What was a different twist for us - we only assigned the bottom level to an Item in production.
We maintained the structure off to the side, and had a process to move items (or all items) from code to code as the structure was changed.
Class, Sub Class, and Commodity Code were all separate dimensions in the base and cube.

Yes, creating takes some thought. Maintaining takes some more thought.
Some of it might also depend on how you will use it in the end.
I could see some differences between using for an org chart type vs. Item.
Post #1533406
Posted Tuesday, January 21, 2014 5:54 PM
Old Hand

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Hello Greg,

Thanks for the information, that helps. Have a great day.
Post #1533424
Posted Thursday, January 23, 2014 9:49 PM


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ramadesai108 (1/21/2014)
Hi Jeff Moden,
I truly appreciate your help. I am working on the the nested set. Only issue could be adding and deleting nodes where I will have to be very careful.

Thanks again,
Rama


As I point out in the first article that I cited, I wouldn't even think of adding or deleting nodes directly in Nested Sets. Like I also said in that article, it's much easier for humans and code to maintain an Adjacency List and then simply regenerate the entire Nested Set. It takes only 54 seconds to do so on a million row hierarchy and less than 4 seconds on a 100,000 node hierarchy using the methods from that first article.


--Jeff Moden
"RBAR is pronounced "ree-bar" and is a "Modenism" for "Row-By-Agonizing-Row".

First step towards the paradigm shift of writing Set Based code:
Stop thinking about what you want to do to a row... think, instead, of what you want to do to a column."

"Change is inevitable. Change for the better is not." -- 04 August 2013
(play on words) "Just because you CAN do something in T-SQL, doesn't mean you SHOULDN'T." --22 Aug 2013

Helpful Links:
How to post code problems
How to post performance problems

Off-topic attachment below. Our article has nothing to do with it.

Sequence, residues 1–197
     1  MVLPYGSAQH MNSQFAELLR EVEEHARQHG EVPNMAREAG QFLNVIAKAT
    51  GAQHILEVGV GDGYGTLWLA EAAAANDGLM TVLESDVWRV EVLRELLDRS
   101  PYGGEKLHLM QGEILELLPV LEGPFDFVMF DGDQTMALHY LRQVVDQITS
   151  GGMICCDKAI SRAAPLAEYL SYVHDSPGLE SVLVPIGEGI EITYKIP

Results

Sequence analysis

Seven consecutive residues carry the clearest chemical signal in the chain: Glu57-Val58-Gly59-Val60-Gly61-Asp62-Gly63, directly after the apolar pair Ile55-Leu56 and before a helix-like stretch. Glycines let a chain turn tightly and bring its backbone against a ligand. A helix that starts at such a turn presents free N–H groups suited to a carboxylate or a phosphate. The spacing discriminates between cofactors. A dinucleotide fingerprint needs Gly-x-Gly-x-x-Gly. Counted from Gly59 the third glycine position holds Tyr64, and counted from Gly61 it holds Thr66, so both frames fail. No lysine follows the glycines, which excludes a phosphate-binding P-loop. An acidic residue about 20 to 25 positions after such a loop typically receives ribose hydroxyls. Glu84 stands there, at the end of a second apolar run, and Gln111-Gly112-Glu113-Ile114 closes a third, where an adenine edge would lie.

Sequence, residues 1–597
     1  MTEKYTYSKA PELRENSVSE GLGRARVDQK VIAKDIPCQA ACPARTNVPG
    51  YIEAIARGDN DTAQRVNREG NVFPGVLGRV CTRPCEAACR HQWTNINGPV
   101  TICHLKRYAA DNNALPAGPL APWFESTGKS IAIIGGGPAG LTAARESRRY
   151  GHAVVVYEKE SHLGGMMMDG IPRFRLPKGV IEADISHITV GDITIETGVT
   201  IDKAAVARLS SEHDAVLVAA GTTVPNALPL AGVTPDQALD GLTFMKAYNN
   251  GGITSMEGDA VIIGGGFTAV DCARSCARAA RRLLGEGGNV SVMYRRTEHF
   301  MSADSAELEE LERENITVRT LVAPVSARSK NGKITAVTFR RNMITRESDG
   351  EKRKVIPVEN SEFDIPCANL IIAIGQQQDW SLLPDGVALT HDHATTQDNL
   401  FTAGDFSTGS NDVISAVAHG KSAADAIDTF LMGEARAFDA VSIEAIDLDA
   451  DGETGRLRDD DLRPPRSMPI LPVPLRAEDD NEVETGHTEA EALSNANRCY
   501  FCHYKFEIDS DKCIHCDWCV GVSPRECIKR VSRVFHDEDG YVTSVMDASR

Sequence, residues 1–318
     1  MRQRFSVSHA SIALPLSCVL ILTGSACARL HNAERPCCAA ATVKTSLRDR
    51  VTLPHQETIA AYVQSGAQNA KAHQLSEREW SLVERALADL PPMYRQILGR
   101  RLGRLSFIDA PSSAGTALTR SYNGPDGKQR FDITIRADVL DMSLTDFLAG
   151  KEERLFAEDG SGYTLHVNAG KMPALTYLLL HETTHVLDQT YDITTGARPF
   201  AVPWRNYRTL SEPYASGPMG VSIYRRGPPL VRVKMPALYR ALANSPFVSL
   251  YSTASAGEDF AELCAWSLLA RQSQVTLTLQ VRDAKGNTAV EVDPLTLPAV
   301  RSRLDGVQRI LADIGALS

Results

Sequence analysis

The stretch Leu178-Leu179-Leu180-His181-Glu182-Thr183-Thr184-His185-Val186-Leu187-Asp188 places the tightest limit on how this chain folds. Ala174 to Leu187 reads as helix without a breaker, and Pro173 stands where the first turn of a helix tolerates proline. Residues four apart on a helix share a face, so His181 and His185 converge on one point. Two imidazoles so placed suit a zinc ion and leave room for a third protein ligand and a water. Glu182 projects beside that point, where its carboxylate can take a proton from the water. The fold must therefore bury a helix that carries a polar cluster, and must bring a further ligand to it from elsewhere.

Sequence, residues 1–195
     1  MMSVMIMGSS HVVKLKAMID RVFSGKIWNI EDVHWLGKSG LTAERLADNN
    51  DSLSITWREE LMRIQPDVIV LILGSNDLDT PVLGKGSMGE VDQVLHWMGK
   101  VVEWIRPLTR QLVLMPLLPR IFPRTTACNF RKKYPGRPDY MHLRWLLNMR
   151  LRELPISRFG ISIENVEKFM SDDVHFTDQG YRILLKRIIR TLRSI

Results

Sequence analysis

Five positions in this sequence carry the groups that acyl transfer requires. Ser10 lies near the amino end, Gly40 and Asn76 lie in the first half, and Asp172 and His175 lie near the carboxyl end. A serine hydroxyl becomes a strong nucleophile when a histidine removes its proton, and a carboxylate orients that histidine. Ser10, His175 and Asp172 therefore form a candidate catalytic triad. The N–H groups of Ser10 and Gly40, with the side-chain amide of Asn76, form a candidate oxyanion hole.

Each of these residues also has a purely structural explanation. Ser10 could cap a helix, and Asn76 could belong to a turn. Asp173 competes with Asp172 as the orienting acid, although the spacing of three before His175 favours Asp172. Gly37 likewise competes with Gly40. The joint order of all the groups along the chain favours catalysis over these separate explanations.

Post #1534331
Posted Thursday, January 23, 2014 9:51 PM


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Greg Edwards-268690 (1/21/2014)
Jeff's articles were very good.
Thanks Jeff!

Our hierarchy was 3 levels deep (Commodity Code) for an Item.
What was a different twist for us - we only assigned the bottom level to an Item in production.
We maintained the structure off to the side, and had a process to move items (or all items) from code to code as the structure was changed.
Class, Sub Class, and Commodity Code were all separate dimensions in the base and cube.

Yes, creating takes some thought. Maintaining takes some more thought.
Some of it might also depend on how you will use it in the end.
I could see some differences between using for an org chart type vs. Item.


Thanks Greg. I appreciate it.


--Jeff Moden
"RBAR is pronounced "ree-bar" and is a "Modenism" for "Row-By-Agonizing-Row".

First step towards the paradigm shift of writing Set Based code:
Stop thinking about what you want to do to a row... think, instead, of what you want to do to a column."

"Change is inevitable. Change for the better is not." -- 04 August 2013
(play on words) "Just because you CAN do something in T-SQL, doesn't mean you SHOULDN'T." --22 Aug 2013

Helpful Links:
How to post code problems
How to post performance problems
Post #1534333